Music review: Estonian Philharmonic Chamber Choir
Edinburgh International Festival Scotsman review: Estonian Philharmonic Chamber Choir at The Usher Hall, reviewed by Susan Nickalls
Both the Estonian and Russian vocal traditions are musically rich and intensely expressive. one of the strengths of the remarkable Estonian Philharmonic Chamber Choir, is that every singer is treated as a soloist in their own right and conductor Daniel Reuss blends all these individual characteristics together to produce a gloriously vibrant and distinctive sound.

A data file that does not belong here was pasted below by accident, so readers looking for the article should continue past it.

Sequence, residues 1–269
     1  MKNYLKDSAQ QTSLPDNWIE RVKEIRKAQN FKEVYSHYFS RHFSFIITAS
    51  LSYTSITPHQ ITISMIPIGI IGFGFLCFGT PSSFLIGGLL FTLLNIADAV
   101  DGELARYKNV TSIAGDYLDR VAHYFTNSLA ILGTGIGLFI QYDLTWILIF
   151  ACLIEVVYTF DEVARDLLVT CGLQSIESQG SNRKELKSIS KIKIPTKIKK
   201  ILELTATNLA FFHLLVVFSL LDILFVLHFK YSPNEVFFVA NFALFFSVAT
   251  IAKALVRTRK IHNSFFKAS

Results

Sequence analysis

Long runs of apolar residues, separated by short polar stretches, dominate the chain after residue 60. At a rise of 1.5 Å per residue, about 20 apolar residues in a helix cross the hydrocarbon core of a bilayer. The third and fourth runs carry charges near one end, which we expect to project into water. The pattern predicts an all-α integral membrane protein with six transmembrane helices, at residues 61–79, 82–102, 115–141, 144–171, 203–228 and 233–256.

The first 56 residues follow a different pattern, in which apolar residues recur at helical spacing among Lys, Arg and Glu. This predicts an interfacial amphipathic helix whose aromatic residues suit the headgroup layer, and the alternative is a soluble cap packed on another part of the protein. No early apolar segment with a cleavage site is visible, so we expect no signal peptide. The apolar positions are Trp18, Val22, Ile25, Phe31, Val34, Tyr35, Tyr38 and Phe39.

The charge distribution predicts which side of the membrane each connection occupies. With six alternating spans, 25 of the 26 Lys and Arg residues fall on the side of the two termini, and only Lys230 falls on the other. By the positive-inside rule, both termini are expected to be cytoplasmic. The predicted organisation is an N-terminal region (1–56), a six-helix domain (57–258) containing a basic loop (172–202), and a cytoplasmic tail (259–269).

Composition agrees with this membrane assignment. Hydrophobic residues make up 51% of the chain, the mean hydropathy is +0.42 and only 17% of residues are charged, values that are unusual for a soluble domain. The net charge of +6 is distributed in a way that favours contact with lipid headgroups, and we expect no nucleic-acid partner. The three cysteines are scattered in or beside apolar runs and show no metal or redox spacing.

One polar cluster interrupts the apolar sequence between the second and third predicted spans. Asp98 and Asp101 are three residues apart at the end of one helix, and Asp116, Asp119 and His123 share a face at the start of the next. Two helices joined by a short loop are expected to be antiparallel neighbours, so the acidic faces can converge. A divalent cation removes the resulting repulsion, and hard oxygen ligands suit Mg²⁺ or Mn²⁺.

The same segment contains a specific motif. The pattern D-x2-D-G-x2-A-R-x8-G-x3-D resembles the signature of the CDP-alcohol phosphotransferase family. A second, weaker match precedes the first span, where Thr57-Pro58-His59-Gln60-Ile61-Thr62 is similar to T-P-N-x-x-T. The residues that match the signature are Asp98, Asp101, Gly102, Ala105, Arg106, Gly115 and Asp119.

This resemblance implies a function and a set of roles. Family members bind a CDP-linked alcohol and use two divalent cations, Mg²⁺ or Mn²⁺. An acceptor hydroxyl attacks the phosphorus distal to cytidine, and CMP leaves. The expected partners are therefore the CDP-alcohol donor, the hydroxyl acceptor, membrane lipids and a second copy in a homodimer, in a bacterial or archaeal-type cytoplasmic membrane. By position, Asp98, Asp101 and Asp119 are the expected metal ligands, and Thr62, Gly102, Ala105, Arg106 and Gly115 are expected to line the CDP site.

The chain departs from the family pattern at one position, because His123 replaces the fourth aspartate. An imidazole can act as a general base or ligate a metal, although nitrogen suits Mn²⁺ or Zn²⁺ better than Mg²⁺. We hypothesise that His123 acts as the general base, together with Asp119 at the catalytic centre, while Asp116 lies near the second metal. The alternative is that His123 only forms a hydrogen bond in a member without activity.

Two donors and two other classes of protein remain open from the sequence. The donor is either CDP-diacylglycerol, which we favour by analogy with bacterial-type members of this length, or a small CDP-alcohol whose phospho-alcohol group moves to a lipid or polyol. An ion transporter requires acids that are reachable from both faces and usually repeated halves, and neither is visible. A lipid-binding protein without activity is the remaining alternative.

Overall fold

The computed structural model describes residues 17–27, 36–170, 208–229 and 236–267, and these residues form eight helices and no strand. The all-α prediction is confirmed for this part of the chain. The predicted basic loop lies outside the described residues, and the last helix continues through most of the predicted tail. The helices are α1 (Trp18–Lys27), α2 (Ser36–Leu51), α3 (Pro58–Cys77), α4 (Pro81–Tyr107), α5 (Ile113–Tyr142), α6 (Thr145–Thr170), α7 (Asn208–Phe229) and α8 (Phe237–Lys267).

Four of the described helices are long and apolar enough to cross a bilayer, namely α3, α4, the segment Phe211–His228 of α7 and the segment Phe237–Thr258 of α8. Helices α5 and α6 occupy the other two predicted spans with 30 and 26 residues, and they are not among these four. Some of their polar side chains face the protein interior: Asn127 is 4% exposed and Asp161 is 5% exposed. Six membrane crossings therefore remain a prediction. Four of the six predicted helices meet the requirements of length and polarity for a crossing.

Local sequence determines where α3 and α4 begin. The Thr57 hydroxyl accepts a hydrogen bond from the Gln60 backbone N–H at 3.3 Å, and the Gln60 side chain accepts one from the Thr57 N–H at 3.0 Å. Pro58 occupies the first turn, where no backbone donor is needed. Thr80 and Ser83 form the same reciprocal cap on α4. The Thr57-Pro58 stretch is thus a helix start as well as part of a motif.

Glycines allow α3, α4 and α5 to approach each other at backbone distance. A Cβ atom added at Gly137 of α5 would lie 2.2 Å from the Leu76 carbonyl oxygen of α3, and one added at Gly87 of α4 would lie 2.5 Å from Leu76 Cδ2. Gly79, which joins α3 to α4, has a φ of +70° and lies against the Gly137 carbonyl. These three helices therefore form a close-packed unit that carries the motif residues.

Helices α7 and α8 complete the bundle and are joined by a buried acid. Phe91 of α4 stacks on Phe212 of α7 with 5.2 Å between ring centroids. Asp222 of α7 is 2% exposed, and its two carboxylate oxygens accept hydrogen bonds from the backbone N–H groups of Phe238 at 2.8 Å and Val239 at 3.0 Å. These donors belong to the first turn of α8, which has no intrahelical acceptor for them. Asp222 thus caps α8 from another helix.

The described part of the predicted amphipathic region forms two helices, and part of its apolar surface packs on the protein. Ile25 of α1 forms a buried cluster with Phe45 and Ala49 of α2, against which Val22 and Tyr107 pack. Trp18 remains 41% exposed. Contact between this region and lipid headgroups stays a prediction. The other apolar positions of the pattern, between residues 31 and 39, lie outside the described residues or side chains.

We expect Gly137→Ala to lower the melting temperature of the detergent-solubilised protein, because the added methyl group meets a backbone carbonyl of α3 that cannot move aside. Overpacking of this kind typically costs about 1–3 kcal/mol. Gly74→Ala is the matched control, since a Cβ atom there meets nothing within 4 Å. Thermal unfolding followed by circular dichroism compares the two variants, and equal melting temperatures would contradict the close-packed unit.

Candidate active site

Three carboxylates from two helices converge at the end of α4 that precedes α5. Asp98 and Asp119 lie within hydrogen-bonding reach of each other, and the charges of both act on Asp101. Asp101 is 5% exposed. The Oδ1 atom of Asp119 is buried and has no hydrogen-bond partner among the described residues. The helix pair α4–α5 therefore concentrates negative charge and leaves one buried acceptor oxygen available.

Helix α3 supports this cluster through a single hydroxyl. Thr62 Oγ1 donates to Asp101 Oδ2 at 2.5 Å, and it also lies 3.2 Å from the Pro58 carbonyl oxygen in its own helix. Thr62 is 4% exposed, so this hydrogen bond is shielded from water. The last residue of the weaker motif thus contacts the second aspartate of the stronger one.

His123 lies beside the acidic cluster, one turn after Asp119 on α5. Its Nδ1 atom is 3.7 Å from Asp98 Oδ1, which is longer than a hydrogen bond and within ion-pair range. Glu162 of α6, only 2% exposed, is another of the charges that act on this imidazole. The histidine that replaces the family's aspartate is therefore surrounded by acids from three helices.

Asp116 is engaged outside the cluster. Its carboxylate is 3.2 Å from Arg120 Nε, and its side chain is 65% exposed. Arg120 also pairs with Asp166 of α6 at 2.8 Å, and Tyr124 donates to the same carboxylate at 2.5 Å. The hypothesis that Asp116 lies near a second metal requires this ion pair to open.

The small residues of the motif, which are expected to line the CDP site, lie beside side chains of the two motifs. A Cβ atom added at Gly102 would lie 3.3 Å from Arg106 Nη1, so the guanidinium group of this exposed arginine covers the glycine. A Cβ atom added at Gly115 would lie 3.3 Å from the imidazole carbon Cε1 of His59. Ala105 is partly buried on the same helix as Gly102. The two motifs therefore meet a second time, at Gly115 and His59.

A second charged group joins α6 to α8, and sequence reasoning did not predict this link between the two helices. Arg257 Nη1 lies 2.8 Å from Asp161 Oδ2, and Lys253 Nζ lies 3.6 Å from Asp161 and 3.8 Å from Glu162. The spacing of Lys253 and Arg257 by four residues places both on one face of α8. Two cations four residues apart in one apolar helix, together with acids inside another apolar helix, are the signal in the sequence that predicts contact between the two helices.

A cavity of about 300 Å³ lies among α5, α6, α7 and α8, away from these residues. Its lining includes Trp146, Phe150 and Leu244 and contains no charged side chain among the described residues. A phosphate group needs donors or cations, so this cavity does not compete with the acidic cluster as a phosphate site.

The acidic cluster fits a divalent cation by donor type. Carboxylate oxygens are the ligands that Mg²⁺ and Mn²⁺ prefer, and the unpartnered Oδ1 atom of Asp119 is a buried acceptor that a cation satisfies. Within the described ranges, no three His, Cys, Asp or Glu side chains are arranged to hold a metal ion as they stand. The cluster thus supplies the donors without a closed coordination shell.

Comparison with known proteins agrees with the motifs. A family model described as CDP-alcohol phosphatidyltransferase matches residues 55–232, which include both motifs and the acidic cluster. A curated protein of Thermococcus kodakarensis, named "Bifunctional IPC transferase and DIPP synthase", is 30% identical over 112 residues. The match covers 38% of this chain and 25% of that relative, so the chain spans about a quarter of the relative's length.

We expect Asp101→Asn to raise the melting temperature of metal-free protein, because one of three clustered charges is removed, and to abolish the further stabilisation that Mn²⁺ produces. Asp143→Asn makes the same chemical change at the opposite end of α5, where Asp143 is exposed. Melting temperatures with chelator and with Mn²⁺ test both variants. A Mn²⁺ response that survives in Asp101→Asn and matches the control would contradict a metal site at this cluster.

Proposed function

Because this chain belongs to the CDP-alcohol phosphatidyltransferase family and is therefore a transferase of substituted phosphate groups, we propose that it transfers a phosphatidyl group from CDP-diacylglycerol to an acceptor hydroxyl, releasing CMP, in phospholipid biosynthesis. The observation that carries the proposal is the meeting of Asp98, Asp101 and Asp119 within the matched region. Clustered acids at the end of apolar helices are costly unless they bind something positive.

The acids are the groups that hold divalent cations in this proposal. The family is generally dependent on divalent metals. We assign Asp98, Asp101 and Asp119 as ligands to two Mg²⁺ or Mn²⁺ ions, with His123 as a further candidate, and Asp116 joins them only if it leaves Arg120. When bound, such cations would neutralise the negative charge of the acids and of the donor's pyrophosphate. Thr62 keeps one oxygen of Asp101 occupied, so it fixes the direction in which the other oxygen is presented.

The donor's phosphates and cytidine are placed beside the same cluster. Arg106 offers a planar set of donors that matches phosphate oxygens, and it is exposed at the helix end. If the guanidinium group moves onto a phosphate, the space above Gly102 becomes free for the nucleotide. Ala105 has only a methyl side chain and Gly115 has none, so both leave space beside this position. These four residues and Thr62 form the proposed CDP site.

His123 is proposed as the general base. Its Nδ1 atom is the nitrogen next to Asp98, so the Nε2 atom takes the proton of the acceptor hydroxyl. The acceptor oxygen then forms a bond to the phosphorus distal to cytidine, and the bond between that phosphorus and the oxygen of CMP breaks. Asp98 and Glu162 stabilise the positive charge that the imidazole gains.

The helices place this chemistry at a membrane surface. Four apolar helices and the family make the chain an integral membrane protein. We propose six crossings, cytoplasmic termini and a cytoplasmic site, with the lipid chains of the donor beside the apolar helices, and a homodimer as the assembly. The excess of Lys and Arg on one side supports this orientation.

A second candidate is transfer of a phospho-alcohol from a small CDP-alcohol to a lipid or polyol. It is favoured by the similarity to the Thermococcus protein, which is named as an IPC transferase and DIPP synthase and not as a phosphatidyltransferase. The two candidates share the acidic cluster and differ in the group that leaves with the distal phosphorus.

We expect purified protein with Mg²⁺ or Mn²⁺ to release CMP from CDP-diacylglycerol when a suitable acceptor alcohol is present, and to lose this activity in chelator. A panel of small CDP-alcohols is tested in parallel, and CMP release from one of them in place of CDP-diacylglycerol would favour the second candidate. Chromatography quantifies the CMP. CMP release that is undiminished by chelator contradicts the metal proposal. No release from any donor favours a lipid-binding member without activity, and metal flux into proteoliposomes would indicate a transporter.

the similarities between Arvo Part’s Two Slavonic Psalms,the Psalms of Davidby his fellow Estonian the hugely influential Cyrillus Kreek, and Schnittke’s Three Sacred Hymns –works by three very different composers – reveal just how deep this tradition runs.
Rachmaninov also looks to the past, drawing on chants and using old Church Slavonic texts, for his astonishing 15 movement All-Night Vigil (Vespers) that takes in the liturgical offices of Matins, Lauds and Prime.
The choir deftly captured the variety of emotions in these varied, and often complex prayers and psalms. Often Rachmaninov uses no barlines, leaving the singers free to go with the natural flow of the music and rhythms.
The voices here are fabulous, particularly the deep growling basses that descend to a low B-flat in the fifth movement, the composer’s favourite and the one he earmarked for his own funeral.
Originally published in The Scotsman